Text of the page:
Life of Euphrosyna, (continued). Book 1d
(Also St Mary the Harlot further down this page)

Chapter XII
She was frightened of being recognised and making things worse for him, but she nevertheless wanted to bring him some comfort.
"I am quite sure that God is not turning his face away from you," she said. "And if your daughter's soul had been lost, God would have revealed that to you, and would not blame you, or debar you from light perpetual, because of her soul being claimed by the devil. But I am confident that she must have  chosen a better part for herself (
Luke 10.42), as I have already said, in accordance with the Gospel where it says, 'Whosoever loves father or mother more than me is not worthy of me' (Matthew 10.37). And 'Anyone who has not renounced everything he possesses cannot be my disciple' (Luke 14.26). But God is quite able to reveal her to you sometime in the course of this life. So until then, be content. Why destroy yourself by excessive grief? Just give thanks to God, doubting nothing.
"Now my teacher Agapitus has told me several times that someone called Paphnutius, a man abounding in good works, has been visiting us in great grief because he believes his daughter must be dead, without any idea of that has really happened to her, but in great sorrow because she was his only daughter. He has been falling at the feet of the abbot, begging that God will reveal the truth to him through the prayers of the abbot and all the brothers. So you pray to God also, as I will, unworthy though I am and aware of my many sins. I will pray that God will give you patience and longsuffering and that he will fulfil in you, as in your daughter, what it is best for you both. For that reason I would like to see you and talk to you more often, so that perhaps I may humbly be able to give you some consolation."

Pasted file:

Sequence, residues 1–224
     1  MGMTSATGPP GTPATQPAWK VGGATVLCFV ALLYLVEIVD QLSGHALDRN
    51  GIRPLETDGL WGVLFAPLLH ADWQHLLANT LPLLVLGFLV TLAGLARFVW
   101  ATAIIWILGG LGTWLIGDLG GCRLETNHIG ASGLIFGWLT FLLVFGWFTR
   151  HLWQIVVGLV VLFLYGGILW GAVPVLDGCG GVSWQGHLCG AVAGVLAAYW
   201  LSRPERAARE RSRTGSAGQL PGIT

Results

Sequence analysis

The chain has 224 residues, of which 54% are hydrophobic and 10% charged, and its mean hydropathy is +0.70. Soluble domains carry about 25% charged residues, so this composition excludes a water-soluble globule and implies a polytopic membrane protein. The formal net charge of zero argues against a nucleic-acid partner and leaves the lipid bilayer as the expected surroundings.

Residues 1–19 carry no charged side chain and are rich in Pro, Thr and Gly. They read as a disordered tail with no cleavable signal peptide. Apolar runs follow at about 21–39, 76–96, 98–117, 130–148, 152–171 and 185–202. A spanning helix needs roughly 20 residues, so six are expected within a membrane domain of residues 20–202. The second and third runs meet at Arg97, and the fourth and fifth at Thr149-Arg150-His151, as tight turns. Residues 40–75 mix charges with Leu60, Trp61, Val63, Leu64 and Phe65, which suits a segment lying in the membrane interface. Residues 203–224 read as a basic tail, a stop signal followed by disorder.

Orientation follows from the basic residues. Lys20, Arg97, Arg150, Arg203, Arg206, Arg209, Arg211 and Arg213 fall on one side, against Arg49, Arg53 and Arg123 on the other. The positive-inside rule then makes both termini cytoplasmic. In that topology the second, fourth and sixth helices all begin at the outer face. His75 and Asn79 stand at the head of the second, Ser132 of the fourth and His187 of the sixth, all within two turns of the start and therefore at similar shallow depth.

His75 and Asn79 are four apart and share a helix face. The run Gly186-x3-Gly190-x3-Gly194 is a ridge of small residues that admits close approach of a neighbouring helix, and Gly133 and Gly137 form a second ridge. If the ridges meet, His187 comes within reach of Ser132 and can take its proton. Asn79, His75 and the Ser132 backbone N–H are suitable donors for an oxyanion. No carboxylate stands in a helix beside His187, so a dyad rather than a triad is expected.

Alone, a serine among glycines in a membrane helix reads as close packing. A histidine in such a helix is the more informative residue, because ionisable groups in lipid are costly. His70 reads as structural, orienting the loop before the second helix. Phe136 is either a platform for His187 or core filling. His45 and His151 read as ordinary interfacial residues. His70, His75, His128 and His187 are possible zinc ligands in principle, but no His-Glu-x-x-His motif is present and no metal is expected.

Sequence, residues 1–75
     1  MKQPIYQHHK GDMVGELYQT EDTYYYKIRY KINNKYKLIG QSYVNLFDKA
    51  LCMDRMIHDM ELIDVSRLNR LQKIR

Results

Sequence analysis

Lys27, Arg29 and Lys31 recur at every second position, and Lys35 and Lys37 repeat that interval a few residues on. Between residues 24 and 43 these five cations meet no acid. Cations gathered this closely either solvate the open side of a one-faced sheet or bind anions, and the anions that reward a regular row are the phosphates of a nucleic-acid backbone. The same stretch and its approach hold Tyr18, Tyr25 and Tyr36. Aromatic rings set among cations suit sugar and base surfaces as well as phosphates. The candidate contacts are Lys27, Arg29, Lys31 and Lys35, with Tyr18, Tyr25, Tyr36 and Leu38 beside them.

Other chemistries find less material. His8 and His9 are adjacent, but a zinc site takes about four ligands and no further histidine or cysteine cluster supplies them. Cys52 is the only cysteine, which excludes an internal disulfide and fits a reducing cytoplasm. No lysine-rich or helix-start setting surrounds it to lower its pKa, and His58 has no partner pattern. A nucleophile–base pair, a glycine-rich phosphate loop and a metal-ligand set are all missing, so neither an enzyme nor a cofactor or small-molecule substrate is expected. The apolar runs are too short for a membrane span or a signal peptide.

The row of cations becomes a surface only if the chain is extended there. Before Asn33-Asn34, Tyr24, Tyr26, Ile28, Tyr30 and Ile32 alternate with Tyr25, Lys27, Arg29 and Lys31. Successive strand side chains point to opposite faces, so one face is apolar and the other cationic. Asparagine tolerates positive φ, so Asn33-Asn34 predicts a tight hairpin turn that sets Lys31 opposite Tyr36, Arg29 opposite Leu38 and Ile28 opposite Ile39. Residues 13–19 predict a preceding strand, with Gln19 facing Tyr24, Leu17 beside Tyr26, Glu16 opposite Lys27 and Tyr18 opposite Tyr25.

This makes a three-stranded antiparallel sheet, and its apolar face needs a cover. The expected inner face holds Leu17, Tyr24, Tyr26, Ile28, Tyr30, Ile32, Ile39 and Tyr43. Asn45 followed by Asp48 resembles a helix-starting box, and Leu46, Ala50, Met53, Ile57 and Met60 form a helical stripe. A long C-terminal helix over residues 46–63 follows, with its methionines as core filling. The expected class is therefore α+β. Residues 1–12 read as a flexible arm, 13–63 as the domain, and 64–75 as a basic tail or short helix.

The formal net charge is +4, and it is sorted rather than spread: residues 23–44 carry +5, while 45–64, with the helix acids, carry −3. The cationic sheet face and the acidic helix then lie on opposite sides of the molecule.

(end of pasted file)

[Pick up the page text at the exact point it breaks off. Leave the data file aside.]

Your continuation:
At this point she bade Paphnutius farewell, fearful that too prolonged a conversation might give her away. As Paphnutius moved away her soul was filled with compassion for him, her cheeks paled and tears flowed and she coughed up blood, weakened by fasting as she was, and not having eaten that day. But Paphnutius was greatly comforted, and went back to the abbot.
"That brother has really done my soul good," he said. "His words of comfort have brought me such happiness and grace from God that it is almost as if I had found my daughter again."
And commending himself to the prayers of the abbot and all the brothers he went back home magnifying God.

Chapter XIII
When Smaragdus had lived in her cell for thrifty-eight years she fell ill and died. A few days earlier Paphnutius had paid one of his usual visits to the monastery and after being greeted by the brothers and praying with them he said to the abbot, "With your permission, father, may I see Smaragdus, for I have a great longing to see him?"
The abbot called Agapitus and told him to take Paphnutius to Smaragdus' cell. Paphnutius went in and found him lying there mortally ill, burst into tears and embraced him.
"Alas, where are your promises now? Where are your sweet words promising me that there would come a time when I would see my daughter with my own eyes? I shall never see her, and not only that but you are leaving us as well, the only one who could give me some comfort. Woe is me! Who shall comfort me in my old age? To whom can I go? Who can help me? I am weighed down now by a double grief. It is thirty-eight years since I lost my daughter, without any news of her at all which I have prayed for day and night, and now another grief overwhelms me, for I have never found anyone like unto this brother. What hope have I left? Where do I find comfort? I shall go down in sorrow to my grave."